How do you start doing something you haven't done before or stopped doing a while ago? What if it's something you want the benefit of, but the act feels daunting, unbearable or just not interesting to you?
I've gone through this process a lot: quitting smoking, becoming a morning person, getting the courage to post my workouts to Instagram, learning new skills, reducing alcohol consumption, losing weight, gaining muscle, strengthening my career... etc.
In every case:
the end goal always felt out of reach before I started.
there were "false starts" and set backs; good days and bad days.
I felt like a failure for a good portion of the process.
success was achieved by taking small steps that compounded over time.
when I "achieved" the change, I told myself I wouldn't be so hard on myself the next time.
In the past few weeks, I've had separate conversations with four people about how to make fitness a part of their lives when it's not their passion or they don’t know where to start. But they want to look good, move well and be strong.
These conversation sparked me to share some mindset shifts and techniques that have helped me along the way. They might help you make room for fitness, even if it feels out of reach.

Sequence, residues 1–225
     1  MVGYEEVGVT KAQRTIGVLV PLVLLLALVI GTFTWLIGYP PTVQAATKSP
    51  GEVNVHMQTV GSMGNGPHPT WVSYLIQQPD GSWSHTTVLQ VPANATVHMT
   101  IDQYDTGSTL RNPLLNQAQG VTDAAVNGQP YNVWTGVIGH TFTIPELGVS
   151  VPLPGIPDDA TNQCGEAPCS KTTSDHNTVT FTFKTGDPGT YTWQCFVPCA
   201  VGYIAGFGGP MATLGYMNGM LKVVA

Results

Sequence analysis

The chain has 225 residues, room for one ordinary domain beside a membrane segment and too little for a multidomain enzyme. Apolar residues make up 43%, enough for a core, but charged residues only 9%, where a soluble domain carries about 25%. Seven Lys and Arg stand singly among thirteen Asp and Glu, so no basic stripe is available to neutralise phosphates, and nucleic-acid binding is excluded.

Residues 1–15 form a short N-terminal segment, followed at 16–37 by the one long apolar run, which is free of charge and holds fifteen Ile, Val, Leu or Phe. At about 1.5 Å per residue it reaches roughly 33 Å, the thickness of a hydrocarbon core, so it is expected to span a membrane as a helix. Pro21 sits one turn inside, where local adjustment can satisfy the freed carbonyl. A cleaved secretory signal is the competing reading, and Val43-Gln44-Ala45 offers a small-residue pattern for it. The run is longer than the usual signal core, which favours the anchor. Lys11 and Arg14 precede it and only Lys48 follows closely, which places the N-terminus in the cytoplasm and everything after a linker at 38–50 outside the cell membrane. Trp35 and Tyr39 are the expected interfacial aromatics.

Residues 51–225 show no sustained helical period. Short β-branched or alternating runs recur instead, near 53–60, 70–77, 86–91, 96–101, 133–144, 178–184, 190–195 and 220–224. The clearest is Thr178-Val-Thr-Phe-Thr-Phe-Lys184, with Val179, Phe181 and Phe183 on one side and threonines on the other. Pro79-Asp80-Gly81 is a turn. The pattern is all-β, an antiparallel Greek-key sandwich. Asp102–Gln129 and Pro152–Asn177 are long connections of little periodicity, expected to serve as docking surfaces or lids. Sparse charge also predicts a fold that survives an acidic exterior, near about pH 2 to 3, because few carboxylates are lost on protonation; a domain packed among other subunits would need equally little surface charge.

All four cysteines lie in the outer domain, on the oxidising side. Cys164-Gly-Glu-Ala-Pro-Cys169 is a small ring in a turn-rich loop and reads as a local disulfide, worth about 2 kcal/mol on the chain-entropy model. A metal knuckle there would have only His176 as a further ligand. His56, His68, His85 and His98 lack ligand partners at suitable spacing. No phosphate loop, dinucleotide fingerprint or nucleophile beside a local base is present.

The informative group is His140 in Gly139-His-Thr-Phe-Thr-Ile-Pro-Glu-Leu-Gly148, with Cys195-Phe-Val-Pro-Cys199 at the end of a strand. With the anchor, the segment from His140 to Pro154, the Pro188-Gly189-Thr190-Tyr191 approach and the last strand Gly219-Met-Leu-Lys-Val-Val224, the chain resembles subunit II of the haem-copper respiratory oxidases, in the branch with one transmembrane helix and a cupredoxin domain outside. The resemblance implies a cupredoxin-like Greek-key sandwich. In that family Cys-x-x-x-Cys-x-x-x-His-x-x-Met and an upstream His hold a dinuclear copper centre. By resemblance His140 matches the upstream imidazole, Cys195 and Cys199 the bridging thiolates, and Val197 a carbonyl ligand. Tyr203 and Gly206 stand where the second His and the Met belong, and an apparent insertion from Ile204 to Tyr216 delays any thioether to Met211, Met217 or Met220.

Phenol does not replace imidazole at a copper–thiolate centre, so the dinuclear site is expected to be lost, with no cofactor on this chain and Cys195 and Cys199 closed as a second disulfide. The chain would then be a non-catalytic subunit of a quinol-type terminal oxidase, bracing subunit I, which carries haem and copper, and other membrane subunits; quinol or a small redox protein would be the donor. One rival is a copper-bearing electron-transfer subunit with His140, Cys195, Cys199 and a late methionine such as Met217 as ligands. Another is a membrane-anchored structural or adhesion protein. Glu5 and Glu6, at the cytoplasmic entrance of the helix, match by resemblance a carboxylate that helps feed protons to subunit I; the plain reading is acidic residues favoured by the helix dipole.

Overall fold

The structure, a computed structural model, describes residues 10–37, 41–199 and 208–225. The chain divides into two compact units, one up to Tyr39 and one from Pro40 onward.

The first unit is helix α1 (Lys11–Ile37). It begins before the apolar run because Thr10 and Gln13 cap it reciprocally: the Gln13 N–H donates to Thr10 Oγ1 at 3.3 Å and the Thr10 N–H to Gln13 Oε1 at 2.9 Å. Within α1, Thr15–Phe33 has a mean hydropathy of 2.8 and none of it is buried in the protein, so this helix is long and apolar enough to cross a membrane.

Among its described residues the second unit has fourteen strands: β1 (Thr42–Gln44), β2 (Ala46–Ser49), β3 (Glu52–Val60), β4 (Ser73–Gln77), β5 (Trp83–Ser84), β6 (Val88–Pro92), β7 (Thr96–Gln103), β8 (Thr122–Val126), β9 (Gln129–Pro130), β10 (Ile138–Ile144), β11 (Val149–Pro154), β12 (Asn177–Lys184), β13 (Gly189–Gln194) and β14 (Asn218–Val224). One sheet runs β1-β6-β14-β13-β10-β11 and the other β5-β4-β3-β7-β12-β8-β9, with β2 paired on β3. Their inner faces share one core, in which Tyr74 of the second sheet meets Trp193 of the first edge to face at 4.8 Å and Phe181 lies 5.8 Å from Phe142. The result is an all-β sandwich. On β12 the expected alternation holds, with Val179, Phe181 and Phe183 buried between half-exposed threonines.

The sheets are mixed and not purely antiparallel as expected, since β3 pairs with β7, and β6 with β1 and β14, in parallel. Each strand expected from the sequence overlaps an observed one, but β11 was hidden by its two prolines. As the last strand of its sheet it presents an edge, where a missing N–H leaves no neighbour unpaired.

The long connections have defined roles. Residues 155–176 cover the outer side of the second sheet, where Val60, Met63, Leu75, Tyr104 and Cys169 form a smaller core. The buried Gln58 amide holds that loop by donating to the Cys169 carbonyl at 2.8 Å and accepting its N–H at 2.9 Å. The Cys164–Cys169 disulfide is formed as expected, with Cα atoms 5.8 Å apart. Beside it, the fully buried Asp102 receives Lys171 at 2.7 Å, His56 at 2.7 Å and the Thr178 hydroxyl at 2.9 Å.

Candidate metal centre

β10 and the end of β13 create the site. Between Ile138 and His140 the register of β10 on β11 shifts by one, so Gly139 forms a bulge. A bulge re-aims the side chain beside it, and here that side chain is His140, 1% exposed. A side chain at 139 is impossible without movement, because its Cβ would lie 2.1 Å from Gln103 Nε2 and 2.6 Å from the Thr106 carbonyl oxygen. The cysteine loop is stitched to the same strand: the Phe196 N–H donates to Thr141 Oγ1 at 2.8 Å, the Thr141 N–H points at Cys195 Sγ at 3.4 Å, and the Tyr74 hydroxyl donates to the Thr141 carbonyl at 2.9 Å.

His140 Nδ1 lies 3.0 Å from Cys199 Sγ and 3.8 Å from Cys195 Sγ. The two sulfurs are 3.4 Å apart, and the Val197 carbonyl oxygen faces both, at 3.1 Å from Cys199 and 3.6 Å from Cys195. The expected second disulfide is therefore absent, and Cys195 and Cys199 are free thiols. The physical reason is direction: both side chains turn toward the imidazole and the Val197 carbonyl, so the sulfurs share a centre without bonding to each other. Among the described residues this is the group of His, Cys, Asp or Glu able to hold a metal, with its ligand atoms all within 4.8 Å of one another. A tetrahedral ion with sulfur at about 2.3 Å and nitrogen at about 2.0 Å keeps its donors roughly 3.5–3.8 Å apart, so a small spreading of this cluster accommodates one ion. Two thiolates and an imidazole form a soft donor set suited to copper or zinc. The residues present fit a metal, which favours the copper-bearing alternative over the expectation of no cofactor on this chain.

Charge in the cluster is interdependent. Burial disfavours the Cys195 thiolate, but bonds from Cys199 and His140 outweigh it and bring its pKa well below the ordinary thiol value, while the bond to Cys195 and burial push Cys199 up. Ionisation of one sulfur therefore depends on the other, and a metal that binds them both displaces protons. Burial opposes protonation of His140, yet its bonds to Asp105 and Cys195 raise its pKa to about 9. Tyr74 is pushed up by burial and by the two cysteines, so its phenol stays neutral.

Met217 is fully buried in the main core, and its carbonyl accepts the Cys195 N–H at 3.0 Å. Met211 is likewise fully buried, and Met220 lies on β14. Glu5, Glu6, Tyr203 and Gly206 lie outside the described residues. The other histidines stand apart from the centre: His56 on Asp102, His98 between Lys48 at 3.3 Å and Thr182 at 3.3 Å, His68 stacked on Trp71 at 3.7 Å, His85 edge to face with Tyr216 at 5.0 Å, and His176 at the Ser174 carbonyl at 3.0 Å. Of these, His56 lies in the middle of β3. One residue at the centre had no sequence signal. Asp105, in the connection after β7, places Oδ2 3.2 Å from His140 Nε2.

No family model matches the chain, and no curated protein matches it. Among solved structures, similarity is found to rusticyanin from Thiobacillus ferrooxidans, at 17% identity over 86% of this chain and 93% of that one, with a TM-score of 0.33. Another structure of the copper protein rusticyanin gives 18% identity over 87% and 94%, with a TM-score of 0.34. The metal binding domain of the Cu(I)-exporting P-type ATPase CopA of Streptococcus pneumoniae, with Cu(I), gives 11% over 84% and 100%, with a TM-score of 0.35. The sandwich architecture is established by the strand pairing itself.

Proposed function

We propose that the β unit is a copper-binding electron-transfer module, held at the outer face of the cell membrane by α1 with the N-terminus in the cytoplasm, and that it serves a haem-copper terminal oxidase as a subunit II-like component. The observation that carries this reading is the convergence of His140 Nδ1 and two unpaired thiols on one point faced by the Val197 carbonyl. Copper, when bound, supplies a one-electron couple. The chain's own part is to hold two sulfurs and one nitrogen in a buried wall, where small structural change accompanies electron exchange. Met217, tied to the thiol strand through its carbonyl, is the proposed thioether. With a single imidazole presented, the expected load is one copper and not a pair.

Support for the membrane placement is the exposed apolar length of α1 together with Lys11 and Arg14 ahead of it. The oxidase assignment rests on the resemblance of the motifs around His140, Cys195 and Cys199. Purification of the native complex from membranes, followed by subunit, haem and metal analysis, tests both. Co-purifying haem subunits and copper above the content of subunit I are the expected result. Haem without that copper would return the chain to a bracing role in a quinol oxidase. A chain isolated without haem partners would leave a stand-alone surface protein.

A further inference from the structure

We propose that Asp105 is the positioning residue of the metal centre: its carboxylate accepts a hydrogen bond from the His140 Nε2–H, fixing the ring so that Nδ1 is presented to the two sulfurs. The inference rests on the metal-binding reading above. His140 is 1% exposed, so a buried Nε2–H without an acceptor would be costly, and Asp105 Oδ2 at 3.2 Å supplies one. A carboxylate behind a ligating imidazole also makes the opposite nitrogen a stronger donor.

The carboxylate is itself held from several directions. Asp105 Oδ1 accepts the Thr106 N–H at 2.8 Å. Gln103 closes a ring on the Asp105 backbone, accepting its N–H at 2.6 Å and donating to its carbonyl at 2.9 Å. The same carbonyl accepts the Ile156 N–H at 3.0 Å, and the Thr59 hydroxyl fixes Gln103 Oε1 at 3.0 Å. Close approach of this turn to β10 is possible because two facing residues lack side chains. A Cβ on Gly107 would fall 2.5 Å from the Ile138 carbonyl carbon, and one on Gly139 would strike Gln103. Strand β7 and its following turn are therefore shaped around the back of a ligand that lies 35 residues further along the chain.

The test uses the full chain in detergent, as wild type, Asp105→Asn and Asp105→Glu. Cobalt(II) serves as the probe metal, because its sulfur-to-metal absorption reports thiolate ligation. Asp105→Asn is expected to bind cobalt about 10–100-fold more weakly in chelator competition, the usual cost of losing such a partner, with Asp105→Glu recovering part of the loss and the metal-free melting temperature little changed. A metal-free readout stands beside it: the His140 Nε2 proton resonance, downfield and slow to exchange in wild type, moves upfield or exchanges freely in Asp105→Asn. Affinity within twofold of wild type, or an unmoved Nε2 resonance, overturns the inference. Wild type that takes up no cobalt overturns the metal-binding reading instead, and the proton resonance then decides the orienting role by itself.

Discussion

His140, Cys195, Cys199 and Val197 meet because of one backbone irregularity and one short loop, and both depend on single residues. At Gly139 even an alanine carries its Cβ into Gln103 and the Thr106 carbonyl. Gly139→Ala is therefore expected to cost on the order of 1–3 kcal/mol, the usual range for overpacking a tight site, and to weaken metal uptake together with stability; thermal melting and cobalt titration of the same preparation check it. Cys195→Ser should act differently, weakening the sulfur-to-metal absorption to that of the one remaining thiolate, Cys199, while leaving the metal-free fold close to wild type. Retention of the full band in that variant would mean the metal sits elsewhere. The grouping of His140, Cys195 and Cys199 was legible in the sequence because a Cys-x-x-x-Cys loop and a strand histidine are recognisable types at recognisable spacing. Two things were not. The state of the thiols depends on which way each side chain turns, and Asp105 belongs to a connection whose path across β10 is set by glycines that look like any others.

#1: 5-Minutes to Bliss
When my husband and I don't want to clean the kitchen after dinner, I always say (well, shout, in a motivating sportsball coach sort of way) ... "5 minutes to bliss!" which means as daunting as it seems, we are only 5 short minutes away from having what we want: a clean kitchen.
Does it take more than 5 minutes to clean the kitchen? Sometimes. But it's getting started that's hard. Not powering through a few extra minutes.
This happens to me at work too. I have to start a project. There is a blank page in front of me. The end feels out of sight. But if I tell myself to give it 5 minutes, before I know it, I'm off to the races and what felt impossible is well on its way.
When it comes to fitness, you can put this 5-minute mentality to work. Tell yourself that all you have to do is put on your workout clothes and show up for 5 minutes. If you don't feel like continuing after 5 minutes, stop and move on. Chances are you will want to keep going. I do this myself at least once per week…
#2: Build Plans for Weaknesses, Mistakes & Roadblocks
I used to let mistakes really throw me. Say I was trying to drink less alcohol and I had a "bad day" where I didn't live up to my exceptions. I would let that drive me nuts. Feelings of failure would overwhelm me. It would take days to feel better.
Then I learned this technique that changed the game for me. When I want to make a change, I identify the toughest moments, times when things will likely go wrong and I make a plan in advance.
Sometimes I don't know what the tough moments will be until they happen and then they become a learning experience and a plan gets made.
One of these times for me was when I finally got tired of letting impromptu dinners with friends throw me off track. I want to be social but also stick to my nutrition goals.